Nicole E. Luvera, 29, of Newnan, Ga., pleaded guilty today before U.S. District Judge Amy Totenberg in Atlanta to a criminal information charging her with one count of theft of government property.
KENDALL DYE, THE WHISTLEBLOWER: “I am glad that the company, rather than taxpayers, is bearing the cost of fixing the problem with the flares. There were simple, inexpensive tests that would have revealed the defect.”
ERIC R. HAVIAN, SAN FRANCISCO ATTORNEY WITH PHILLIPS & COHEN: “ATK’s own calculations found that the flares could ignite if dropped from a height as low as 11.5 inches. This put military personnel at serious risk of death or injury if the flares were accidentally dropped while being handled or in transit. No military contractor should put profits ahead of the lives of military personnel.”~Marketwatch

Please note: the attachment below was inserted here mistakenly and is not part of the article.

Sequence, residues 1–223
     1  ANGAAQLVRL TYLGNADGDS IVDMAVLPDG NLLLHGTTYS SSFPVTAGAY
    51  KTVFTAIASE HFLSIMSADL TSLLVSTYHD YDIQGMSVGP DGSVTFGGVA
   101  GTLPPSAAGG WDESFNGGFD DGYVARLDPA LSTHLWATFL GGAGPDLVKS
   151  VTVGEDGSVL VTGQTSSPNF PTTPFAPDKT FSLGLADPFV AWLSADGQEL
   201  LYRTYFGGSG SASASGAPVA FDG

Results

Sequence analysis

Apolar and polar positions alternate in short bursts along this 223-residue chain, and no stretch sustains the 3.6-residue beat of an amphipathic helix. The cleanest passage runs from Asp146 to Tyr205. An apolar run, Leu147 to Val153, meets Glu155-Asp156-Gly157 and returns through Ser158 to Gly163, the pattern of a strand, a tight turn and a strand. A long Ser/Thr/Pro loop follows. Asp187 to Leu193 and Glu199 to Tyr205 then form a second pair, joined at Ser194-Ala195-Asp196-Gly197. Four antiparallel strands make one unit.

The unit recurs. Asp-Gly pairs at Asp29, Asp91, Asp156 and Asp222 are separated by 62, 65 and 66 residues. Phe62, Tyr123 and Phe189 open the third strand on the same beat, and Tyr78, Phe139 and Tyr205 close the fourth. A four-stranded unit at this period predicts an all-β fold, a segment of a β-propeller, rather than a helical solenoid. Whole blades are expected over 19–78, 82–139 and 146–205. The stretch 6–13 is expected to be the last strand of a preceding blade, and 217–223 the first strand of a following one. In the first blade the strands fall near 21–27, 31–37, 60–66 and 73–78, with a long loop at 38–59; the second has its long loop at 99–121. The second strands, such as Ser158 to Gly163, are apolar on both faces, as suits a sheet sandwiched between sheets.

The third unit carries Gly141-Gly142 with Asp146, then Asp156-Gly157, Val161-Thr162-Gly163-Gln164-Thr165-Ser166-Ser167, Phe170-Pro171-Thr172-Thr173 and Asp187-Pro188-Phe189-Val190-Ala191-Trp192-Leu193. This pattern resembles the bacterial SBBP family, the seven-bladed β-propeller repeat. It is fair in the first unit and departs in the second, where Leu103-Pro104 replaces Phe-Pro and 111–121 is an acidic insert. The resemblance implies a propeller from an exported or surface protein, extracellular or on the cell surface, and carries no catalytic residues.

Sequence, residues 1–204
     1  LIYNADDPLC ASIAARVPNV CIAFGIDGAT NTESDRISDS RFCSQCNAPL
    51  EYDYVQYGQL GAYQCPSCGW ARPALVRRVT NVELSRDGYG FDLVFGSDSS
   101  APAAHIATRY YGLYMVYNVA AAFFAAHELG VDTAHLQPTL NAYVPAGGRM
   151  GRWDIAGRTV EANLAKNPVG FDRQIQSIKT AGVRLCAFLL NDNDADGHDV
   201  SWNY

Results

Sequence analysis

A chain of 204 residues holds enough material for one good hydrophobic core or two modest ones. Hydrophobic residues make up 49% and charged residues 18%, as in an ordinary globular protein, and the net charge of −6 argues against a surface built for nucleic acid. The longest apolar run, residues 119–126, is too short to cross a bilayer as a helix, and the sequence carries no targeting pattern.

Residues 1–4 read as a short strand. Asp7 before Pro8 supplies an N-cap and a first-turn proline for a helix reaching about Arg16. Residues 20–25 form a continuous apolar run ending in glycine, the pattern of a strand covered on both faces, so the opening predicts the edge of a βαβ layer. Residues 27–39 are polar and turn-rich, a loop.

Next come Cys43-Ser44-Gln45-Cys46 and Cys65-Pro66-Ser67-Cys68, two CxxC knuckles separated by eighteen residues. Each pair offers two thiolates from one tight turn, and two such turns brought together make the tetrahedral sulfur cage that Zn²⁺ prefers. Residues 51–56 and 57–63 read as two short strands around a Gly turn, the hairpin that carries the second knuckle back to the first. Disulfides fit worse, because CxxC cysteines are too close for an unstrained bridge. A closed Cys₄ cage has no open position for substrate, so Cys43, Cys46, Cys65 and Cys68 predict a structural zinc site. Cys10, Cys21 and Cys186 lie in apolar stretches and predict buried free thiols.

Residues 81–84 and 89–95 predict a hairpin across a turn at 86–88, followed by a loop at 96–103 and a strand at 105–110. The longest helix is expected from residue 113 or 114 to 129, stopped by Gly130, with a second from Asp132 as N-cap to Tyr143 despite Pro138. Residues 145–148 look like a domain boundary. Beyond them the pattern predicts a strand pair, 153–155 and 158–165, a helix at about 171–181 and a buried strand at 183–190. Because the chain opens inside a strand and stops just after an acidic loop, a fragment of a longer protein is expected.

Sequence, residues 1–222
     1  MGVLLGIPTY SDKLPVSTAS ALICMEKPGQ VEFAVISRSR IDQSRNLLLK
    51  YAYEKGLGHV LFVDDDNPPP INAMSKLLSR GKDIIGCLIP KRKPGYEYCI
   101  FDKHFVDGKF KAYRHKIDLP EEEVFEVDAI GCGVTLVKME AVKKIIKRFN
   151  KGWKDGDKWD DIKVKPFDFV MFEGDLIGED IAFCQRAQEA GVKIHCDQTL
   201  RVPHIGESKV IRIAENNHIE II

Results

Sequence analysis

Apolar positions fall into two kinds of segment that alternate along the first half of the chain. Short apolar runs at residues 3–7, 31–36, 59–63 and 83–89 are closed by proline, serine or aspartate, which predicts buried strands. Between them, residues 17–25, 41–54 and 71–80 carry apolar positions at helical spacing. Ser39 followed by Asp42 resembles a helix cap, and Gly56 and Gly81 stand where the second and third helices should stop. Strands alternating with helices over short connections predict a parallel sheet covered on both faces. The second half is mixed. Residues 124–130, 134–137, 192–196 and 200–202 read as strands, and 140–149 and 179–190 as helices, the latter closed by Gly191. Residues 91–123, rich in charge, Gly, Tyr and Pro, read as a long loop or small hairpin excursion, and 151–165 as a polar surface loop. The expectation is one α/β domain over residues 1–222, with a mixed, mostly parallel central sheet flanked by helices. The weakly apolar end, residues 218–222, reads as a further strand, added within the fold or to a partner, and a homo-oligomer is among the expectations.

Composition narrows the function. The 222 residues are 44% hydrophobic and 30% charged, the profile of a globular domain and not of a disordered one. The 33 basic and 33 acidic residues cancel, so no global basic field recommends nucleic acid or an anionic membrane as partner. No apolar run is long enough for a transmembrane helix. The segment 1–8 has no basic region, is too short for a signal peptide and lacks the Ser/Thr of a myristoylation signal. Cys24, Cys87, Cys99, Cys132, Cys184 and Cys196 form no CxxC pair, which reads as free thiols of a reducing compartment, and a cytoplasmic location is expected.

Atk Launch Systems Inc. Settles False Claims Product Substitution Case for Nearly $37 Million
Allegedly Delivered Unsafe Illuminating Para-flares Under Department of Defense Contracts
(DoJ) – April 23, 2012 – ATK Launch Systems Inc. has agreed to a $36,967,160 settlement with the United States to resolve allegations that ATK sold dangerous and defective illumination flares to the Army and the Air Force. According to the government’s allegations, from 2000 to 2006, ATK delivered LUU-2 and LUU-19 illuminating para-flares to the Defense Department. These flares, which burn in excess of 3,000 degrees Fahrenheit for over five minutes, are used for nighttime combat, covert and search and rescue operations and have been used extensively by American forces in Iraq and Afghanistan in the global war on terror. The government alleged that the flares delivered by ATK were incapable of withstanding a 10-foot drop test without exploding or igniting, as required by specifications, and that ATK was aware of this when it submitted claims for payment.